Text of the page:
Tag Archives: inspiration

International work in an international world. Part IV: The CV challenge.

OK, we talked about the Blue Card and the integration in an international company before. We even mentioned strange internationalization issues in some corporate giants. But how do you actually get a job? In order to be found by head-hunters or noticed by employers, you should bring a perfect CV forward. But how to do that if you have no idea, which country exactly are you looking for? Here are some ideas to get started:

  • Pay attention to the photo. In UK and US, many applicants do not include a picture in theirs CV to avoid discrimination. In Germany or in China, however, a picture pays a huge role in the employment process. In order to get an optimal picture, google something like “CV photo” in the local language. Does the person smile? Was he or she photographed till shoulders? Does he or she wear business or smart casual? Make sure the first visual impression about you is perfect.
  • Choose the right language for your application. It’s nice that you know the local language, but keep in mind: the HR officer might not know it. Therefore, always write your application in the language of the job advert if you were not told otherwise.
  • Understand the right order. Do you start with the education or with the college? Do you list from 2003..2018 or in the opposite direction? Recruiters read your CV in less than 2 minutes, so be nice and inform yourself about the right chronological order used in the country.
  • Give a clear explanation. Be clear and do the right translation of all degrees and positions. If you have a special degree, which is not usual to another country, or you had a technical position in an innovative field, explain what it means in brackets.
  • Forget about sending stuff in your language. Get European Diploma Supplements translating your degree into the European one with all the grading and ECTS; ask for letters of recommendation at least in English; translate your certificates into the local language. The more clear and international you will present your skills, the higher will be your employment chances.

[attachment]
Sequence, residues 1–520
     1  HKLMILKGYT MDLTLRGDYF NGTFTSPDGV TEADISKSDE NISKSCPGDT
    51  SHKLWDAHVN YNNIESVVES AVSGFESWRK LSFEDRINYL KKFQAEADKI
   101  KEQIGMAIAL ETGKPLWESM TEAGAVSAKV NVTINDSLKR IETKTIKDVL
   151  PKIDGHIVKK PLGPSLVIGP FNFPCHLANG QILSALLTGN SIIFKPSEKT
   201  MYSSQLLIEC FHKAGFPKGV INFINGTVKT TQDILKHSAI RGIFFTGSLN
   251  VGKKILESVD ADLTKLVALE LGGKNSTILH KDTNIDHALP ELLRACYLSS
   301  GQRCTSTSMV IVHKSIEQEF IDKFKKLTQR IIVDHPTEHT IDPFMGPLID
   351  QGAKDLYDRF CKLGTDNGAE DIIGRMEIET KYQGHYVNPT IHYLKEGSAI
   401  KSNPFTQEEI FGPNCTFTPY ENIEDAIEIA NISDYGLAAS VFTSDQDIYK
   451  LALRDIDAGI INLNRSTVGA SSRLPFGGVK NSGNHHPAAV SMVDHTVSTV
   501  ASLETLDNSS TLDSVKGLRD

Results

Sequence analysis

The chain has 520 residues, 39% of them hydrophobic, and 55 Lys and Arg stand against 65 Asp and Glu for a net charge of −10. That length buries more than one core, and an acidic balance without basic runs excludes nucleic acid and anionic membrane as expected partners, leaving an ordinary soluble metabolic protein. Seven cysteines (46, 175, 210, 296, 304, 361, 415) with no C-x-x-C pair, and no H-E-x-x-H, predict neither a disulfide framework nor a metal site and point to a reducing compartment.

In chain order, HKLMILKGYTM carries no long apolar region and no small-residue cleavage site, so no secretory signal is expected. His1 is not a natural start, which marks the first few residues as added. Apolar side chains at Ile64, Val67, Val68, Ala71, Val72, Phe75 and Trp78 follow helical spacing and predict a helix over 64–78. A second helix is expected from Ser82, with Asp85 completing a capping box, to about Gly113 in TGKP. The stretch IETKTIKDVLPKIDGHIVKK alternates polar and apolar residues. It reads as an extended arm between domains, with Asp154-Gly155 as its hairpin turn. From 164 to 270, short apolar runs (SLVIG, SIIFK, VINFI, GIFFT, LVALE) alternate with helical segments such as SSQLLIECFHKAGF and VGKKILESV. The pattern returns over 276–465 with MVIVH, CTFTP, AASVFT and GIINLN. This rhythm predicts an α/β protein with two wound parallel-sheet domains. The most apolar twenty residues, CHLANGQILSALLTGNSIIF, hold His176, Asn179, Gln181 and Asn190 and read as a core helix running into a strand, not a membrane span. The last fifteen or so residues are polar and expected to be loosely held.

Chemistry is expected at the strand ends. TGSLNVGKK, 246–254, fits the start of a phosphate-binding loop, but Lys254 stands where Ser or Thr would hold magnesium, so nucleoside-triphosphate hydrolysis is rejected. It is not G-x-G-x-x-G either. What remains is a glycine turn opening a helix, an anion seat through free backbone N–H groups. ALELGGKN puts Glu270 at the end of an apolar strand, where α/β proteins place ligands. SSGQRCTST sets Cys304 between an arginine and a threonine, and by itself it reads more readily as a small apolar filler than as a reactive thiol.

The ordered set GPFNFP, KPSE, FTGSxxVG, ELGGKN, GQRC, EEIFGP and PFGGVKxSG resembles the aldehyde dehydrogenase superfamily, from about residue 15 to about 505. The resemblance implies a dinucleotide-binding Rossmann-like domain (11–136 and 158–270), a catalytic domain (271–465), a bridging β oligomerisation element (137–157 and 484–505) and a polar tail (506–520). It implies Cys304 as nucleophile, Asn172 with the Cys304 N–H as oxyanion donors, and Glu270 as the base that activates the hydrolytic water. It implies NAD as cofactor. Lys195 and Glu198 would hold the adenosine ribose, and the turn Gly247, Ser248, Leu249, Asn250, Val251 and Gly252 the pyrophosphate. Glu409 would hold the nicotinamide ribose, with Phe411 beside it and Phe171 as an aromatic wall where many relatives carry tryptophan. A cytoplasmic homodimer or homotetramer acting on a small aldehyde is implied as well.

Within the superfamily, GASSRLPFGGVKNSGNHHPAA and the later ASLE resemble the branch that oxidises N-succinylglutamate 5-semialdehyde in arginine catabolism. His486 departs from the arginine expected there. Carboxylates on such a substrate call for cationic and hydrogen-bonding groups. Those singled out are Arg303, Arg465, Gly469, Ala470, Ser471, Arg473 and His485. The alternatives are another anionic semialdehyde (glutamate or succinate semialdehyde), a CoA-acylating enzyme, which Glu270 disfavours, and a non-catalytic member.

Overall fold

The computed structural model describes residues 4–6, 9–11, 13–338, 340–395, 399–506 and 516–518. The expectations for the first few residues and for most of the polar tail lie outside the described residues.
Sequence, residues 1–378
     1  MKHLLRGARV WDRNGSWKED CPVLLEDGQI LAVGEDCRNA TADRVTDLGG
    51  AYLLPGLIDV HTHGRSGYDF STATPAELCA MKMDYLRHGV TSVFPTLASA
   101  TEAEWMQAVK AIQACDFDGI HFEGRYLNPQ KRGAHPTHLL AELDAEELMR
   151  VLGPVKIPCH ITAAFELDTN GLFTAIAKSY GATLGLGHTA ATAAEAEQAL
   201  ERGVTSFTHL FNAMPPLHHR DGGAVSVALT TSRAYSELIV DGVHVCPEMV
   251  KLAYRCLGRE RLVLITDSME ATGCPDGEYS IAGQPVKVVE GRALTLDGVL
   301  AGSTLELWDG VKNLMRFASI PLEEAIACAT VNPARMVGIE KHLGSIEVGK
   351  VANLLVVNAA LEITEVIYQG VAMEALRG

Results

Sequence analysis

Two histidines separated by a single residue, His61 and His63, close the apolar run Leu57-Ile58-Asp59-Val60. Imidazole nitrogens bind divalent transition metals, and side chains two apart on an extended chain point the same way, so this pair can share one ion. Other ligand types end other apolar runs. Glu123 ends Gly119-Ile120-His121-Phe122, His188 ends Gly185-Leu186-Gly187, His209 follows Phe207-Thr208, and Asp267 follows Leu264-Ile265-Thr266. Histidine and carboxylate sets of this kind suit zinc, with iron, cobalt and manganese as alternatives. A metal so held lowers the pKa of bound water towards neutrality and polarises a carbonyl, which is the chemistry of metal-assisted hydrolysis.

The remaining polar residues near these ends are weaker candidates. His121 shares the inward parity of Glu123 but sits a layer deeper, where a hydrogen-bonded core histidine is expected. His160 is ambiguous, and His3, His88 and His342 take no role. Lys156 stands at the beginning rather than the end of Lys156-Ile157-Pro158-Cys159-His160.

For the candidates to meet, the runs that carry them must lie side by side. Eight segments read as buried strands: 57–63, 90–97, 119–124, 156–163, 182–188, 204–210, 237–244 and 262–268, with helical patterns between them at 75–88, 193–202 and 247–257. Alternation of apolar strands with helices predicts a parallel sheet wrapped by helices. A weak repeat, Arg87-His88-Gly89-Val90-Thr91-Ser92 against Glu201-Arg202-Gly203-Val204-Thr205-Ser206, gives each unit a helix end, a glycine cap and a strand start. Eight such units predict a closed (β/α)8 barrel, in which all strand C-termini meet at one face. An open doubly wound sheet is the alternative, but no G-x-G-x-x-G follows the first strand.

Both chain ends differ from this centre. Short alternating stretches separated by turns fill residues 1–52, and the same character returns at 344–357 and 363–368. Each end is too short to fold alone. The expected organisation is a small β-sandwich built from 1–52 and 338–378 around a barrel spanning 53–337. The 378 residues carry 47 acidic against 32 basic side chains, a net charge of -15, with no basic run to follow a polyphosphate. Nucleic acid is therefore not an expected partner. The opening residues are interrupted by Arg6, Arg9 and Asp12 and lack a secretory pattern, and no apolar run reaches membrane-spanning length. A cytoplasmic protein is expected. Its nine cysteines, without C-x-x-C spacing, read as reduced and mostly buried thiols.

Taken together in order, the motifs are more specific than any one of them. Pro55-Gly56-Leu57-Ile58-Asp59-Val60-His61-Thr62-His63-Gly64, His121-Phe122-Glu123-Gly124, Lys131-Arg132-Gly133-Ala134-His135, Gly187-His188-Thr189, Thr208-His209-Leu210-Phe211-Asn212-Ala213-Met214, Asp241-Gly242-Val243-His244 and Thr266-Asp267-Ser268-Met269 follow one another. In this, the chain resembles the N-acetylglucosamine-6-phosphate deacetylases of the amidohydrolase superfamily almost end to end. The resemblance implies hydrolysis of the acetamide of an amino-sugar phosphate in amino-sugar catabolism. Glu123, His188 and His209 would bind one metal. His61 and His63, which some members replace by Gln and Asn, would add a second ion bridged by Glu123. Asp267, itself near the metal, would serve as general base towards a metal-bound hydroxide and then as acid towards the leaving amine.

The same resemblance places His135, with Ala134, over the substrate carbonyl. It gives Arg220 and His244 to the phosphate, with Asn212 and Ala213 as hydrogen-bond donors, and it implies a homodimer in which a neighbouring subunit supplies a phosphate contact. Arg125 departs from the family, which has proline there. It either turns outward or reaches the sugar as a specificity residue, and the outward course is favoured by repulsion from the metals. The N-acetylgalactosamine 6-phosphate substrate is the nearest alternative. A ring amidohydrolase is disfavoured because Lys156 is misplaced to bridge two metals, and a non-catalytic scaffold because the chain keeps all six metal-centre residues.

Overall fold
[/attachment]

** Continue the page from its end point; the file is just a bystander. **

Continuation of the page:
International work in an international world. Part III: Why a Blue Card could be your ticket to a new life

Since the moment I saw a lady in the German Embassy in Russia getting her working visa so easily, I also wanted to get one. At least, to feel the same respect she was treated with. Of course, she has been invited by one of the largest international companies, which are looking for smart people for specific projects all over the world. Just one year later, I became a Blue Card holder with the Germany as my first destination. But what does this Blue Card actually mean?

  • Working where you wish. There are countries with a high unemployment rate and with the low ones. Countries with a high employment rates like Germany are focused on attracting the best experts in technical, medical and innovative fields, which leads to a more open visa regime. In other countries like Italy, the unemployment rates are higher. If you are a foreigner from a non-EU country, the Blue Card if your pass to work in Europe and to change employers and countries in a very flexible way, as long as you meet the BC conditions.
  • Taking your family with you. The Blue Card holders are often highly skilled professionals who are be found by large companies and offered a contract in the EU. Even though it is usually a limited contract, one receives an opportunity to move to the new place with the family and to get (often, depending on the country) free integrational and language courses.
  • Helping yourself out. Here comes a small hint: the visa legislation related to Blue Cards differs a bit in European countries, but you should read yours even before you get to touch your very own Blue Card. Why? Because, for instance, in Germany, if your contract expired or was cancelled after 1 full year, you are eligible to an unemployment insurance AND a visa for the job search (3 months with the Blue Card + 3 months usually offered extra) for the whole period of your insurance (which is 6 months if you worked at least 1 year).